While Christianity has enjoyed many privileges in America, times are changing. More and more the voice of biblical Christianity is being pushed out of the public square and relegated to a place of insignificance. Those who espouse a Christian worldview will be viewed as strange, or worse, as bigots. It has already begun. John Dickerson notes that for most Americans under forty years of age, “the evangelical understanding of homosexuality is hateful, small-minded, backward, and extremist. The stuff of cavemen and racists. . . increasingly, anyone who is not an ‘ally’ and fighting alongside the LGBT community is seen as a hateful bigot.” [9]


Unless persons are willing to support same-sex marriage, there will be no room for them in the political functions of government or in the halls of education. It is quickly becoming a social dogma that must be affirmed for full participation. Supreme Court Justice Samuel Alito, in his dissenting opinion to the Obergefell v. Hodges ruling, warned that those who held biblical views concerning homosexuality would “be able to whisper their thoughts in the recesses of their homes, but if they repeat those views in public, they will risk being labeled as bigots and treated as such by governments, employers, and schools.” [10]


The only way the church in America can survive is by embracing their biblical identity as exiles.


Our Inheritance is in Heaven

There are two halves to the title “chosen exiles.” In relation to this world, we are strangers and aliens. We are looking toward the city whose maker and builder is God. But in relation to God we are elect, His beloved children.


“Blessed be the God and Father of our Lord Jesus Christ! According to his great mercy, he has caused us to be born again to a living hope through the resurrection of Jesus Christ from the dead, to an inheritance that is imperishable, undefiled, and unfading, kept in heaven for you, who by God’s power are being guarded through faith for a salvation ready to be revealed in the last time” (1 Pt 1:3-5).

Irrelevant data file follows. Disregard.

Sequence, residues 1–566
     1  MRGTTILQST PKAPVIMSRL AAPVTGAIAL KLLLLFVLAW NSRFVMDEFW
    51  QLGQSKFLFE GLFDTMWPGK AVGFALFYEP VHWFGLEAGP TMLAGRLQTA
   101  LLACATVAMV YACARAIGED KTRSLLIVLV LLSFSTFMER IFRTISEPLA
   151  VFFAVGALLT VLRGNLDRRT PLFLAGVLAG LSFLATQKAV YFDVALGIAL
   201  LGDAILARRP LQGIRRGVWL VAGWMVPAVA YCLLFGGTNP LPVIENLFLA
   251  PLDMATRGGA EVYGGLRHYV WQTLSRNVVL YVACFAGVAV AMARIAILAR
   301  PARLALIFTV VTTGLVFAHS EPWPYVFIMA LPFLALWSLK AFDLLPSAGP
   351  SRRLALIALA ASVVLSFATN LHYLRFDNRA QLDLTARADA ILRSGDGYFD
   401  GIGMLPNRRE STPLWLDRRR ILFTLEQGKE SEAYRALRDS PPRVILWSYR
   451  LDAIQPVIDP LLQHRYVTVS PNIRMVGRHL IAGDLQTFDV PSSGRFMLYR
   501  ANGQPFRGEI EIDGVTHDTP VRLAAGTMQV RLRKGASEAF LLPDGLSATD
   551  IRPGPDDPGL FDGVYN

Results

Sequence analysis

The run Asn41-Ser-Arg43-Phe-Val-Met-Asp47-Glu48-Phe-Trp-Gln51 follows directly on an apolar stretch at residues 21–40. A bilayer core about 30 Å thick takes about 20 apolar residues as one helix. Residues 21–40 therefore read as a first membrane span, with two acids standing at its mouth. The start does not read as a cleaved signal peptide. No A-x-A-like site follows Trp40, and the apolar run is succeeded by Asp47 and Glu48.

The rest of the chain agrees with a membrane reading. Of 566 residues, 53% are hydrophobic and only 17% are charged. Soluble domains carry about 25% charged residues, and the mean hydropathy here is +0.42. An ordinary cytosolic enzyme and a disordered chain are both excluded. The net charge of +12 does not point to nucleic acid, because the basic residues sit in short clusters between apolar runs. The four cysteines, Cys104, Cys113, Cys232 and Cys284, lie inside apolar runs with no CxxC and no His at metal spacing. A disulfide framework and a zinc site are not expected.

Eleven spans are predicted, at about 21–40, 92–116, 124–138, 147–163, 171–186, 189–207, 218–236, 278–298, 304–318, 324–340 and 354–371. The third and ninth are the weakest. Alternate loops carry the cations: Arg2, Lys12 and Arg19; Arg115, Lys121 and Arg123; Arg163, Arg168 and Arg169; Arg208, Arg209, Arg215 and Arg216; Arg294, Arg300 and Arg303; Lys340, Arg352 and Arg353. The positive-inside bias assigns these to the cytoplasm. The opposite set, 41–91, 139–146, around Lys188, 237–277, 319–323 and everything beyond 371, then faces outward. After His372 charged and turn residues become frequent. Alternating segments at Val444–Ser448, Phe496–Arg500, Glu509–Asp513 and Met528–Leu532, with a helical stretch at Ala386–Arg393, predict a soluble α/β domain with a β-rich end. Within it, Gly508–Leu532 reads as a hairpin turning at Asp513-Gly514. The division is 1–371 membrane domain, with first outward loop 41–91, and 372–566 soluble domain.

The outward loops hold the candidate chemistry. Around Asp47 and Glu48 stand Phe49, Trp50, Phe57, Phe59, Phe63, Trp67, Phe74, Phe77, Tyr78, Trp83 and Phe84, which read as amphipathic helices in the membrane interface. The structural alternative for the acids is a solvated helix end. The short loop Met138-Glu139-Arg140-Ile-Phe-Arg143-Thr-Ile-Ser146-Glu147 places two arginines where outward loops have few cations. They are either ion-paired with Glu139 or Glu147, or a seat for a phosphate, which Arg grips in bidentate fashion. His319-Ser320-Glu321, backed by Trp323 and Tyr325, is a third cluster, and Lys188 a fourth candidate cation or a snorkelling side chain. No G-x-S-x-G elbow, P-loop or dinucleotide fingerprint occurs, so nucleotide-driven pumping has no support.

Since we are exiles in this world, our inheritance is not found in this world but in our home. Being chosen means being a recipient of God’s abundant mercy. This mercy is expressed in the new birth of regeneration. Believers have been graced with a “living hope.” They have a vibrant and glowing expectation of the future. Their future is bright with the glory of God, through the resurrection of Christ from the dead.


What hope do they have? They have an inheritance in heaven. The inheritance is modified by four descriptors: (1) imperishable, (2) undefiled, (3) unfading, and (4) kept in heaven for you. The following clause: “kept by the power of God” and “ready to be revealed” refers not to the inheritance but to the believer himself.


Though strangers on earth with no place to call home and no privileged position, believers have a glorious inheritance awaiting them in heaven. All our hope is bound up in our heavenly home. Our inheritance is guaranteed since it is an uncorruptible inheritance and we are preserved for it.



Chosen exiles have their home and inheritance in heaven. We must embrace the mindset of an exile if we are going to endure persecution in this life. So long as we view this world as our home and our inheritance on earth, we will never withstand the flames. We must embrace the life of exile.


But the mindset of an exile is not one of joyless resolve. It welcomes its role as salt and light in world of darkness (Mt 5:13-16). It also looks forward to the inheritance promised to those who are strangers and pilgrims on earth.



1 Paul J. Achtemeier, 1 Peter: A Commentary on First Peter, Hemeneia (Minneapolis: Fortress Press, 1996), 174.

2 J. Sidlow Baxter, Explore the Book, Six Volumes in One (Grand Rapids: Zondervan, 1960), 6:299-300.

3 Danker, Frederick W. Danker, Walter Bauer, and William Arndt. A Greek-English Lexicon of the New Testament and Other Early Christian Literature (Chicago: University of Chicago Press, 2018), 775.

4 D. Edmond Hiebert, 1 Peter (Chicago: Moody Press, 1992), 155.

5 Wayne Grudem, 1 Peter, TNTC (Downers Grove: IVP, 1988), 53.

6 Thomas R. Schreiner, 1, 2 Peter, Jude, NAC 37 (Nashville, IN: B&H, 2003), 50.

7 Bruce L. Shelley, Church History in Plain Language, 3rd ed. (Nashville, TN: Thomas Nelson, 2008), 40.

8 Tacitus, Annals, 15.44.

9 John S. Dickerson, The Great Evangelical Recession (Grand Rapids: Baker, 2011), 24.

10 Obergefell v. Hodges, 576 U. S. ____ (2015) Alito, J., dissenting, 7.


Reed Waggoner has served as the pastor of Sycamore Bible Church in Trafalgar, Indiana since September 2016. Reed earned his Master of Divinity (M.Div.) degree from Shepherds Theological Seminary in 2016.